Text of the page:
Comey’s truth-telling not good for Trump’s credibility


The bad news for President Trump is that former FBI Director James Comey was about as good as a witness gets in his public appearance before the Senate Intelligence Committee Thursday. The good news for Trump — well, it’s hard to find any.

According to Comey’s testimony, Trump’s not been candid about his firing of Comey and his version of whether he asked Comey to back away from an investigation of fired National Security Adviser Michael Flynn over his lies to Vice President Pence about contacts with Russians, among other things. (Trump has said Comey is lying and he will testify about it, if asked.)

There’s just no other way to put it. Comey has said the president was lying when he rationalized Comey’s firing and denied he asked Comey to drop the investigation of Flynn. And he expanded other remarks, noting that one reason he took copious notes from a meeting with Trump was that he thought Trump might lie about the conversation. That’s something he didn’t feel was necessary, he said, in meetings with President George W. Bush and President Barack Obama.

Another disturbing moment of the testimony came when Comey told senators he felt that Trump’s views on the probe of Russian meddling in the 2016 election — though he acknowledged Trump didn’t ask him to stop the investigation — came with a wish on Trump’s part to elicit a pledge of loyalty from Comey, something that would turn the FBI post into a patronage job, which it is not supposed to be. That’s one of the reasons it comes with a 10-year term.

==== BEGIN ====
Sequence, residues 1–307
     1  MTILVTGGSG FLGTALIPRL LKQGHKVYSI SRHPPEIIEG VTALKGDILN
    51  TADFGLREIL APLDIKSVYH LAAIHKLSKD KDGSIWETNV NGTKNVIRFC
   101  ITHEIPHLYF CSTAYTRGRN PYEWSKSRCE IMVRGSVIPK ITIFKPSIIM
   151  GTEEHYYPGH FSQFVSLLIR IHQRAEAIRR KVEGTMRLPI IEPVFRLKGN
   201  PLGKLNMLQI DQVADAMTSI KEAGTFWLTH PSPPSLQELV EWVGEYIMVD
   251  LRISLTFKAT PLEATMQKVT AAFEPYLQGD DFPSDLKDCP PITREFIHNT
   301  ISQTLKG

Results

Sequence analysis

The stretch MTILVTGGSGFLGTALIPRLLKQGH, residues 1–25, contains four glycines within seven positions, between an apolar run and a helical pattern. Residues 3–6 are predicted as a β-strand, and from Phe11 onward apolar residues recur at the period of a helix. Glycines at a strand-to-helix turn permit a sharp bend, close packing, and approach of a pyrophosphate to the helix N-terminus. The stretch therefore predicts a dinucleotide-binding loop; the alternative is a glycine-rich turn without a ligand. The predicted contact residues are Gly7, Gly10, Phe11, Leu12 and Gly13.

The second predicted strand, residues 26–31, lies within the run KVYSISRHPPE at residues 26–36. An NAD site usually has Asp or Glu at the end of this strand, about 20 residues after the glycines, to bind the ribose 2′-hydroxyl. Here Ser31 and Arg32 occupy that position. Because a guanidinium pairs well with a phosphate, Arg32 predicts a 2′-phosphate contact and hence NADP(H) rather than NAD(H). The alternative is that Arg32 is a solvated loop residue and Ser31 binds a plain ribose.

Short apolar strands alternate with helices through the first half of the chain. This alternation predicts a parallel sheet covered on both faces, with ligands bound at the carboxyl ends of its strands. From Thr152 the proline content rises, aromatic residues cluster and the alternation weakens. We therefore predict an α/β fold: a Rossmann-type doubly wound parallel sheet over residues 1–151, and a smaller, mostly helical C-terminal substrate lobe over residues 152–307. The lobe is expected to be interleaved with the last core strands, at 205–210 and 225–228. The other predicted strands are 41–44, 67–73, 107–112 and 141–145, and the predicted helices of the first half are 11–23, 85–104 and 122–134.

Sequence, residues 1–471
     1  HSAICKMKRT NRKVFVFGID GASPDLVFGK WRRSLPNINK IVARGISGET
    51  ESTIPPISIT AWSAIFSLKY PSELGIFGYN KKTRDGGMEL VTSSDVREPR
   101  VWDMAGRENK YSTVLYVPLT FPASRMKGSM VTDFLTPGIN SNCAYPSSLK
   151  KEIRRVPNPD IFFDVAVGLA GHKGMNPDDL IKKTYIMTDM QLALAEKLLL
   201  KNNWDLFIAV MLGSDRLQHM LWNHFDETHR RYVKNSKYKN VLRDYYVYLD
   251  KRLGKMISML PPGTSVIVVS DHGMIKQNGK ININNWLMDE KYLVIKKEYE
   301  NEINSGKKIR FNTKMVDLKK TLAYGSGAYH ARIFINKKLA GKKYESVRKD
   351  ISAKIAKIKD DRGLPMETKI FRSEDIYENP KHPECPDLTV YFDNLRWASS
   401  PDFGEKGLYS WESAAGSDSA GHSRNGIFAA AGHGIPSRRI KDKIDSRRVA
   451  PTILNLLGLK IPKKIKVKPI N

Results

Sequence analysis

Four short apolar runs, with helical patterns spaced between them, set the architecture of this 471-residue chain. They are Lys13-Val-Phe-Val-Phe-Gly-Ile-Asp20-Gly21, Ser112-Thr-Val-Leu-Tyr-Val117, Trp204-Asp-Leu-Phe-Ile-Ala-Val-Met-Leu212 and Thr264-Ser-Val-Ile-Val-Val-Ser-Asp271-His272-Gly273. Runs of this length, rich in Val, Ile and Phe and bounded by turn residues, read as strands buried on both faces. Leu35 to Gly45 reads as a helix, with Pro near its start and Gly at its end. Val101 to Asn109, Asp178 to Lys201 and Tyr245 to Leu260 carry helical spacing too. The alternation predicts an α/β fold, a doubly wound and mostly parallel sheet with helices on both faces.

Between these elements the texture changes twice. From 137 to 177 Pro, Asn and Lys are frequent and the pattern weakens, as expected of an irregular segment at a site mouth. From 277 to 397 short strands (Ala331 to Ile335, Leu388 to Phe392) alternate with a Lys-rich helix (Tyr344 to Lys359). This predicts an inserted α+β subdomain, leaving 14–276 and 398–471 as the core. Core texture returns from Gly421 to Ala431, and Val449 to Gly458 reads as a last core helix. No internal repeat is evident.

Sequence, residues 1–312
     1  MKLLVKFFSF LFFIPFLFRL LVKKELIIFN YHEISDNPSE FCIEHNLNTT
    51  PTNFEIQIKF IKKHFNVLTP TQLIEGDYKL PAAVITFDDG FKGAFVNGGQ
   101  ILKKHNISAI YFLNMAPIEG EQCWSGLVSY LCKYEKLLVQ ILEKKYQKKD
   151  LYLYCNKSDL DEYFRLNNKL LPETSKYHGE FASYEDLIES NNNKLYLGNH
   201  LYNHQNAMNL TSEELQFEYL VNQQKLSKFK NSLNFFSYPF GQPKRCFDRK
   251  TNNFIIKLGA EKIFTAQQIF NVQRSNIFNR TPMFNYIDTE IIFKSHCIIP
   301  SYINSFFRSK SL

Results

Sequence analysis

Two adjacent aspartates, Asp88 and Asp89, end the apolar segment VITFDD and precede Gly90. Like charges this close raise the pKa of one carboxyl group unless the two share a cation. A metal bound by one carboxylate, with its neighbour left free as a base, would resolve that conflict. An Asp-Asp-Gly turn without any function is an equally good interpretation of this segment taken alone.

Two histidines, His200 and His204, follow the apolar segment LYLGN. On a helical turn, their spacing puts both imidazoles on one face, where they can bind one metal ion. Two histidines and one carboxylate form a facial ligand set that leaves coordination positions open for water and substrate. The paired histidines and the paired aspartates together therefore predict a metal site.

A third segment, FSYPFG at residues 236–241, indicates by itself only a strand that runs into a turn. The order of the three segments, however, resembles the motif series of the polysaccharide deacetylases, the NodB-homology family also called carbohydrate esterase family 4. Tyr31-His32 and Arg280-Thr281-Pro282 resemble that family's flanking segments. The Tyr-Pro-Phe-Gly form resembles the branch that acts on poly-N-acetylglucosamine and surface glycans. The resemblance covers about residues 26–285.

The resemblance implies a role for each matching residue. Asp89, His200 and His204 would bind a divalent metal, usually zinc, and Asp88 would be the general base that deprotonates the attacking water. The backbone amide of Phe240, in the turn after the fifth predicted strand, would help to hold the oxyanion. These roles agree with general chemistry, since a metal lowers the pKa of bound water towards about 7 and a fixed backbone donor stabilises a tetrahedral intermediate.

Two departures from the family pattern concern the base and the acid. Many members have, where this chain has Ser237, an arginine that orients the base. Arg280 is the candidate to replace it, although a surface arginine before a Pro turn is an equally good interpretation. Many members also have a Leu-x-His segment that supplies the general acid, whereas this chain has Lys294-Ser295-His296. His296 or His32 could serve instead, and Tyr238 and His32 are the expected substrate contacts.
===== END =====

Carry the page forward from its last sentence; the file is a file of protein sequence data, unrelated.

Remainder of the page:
The FBI’s former director has received criticism on both sides of the aisle, from Democrats because of his curious announcements about a probe of Hillary Clinton’s emails, and from Republicans because of the embarrassment his dismissal has brought to Trump.

Committee Vice Chair Sen. Mark Warner of Virginia, a Democrat, was a forceful questioner. He focused on the issues of Trump’s different versions of his interactions with Comey. Sen. Richard Burr, Republican of North Carolina, was a relatively weak interrogator, as were some other Republicans. This is no fun for them, to be sure, because they know of Trump’s reputation for disregarding the truth and changing his versions of stories, and his political positions, as convenience demands.

But they doubtless fear the president’s wrath should they be perceived as not sticking closely by his side. The president attacks his perceived enemies wickedly and quickly.

Now, however, Trump is up against it. Comey says he interpreted the president’s views on Flynn as a directive of sorts to back off the investigation. A debate has ensued and will continue over whether Trump’s actions constitute an attempted obstruction of justice. And that’s just based on what Comey said in an open session, which was followed by a classified one.

Comey even turned the tables on Trump’s threatening hints that Comey better hope there are no tapes of their meeting. Comey said he hoped there were tapes.

Trump’s crisis is deepening. And the really bad news is that even his Republican allies seem to be quietly distancing themselves from him.

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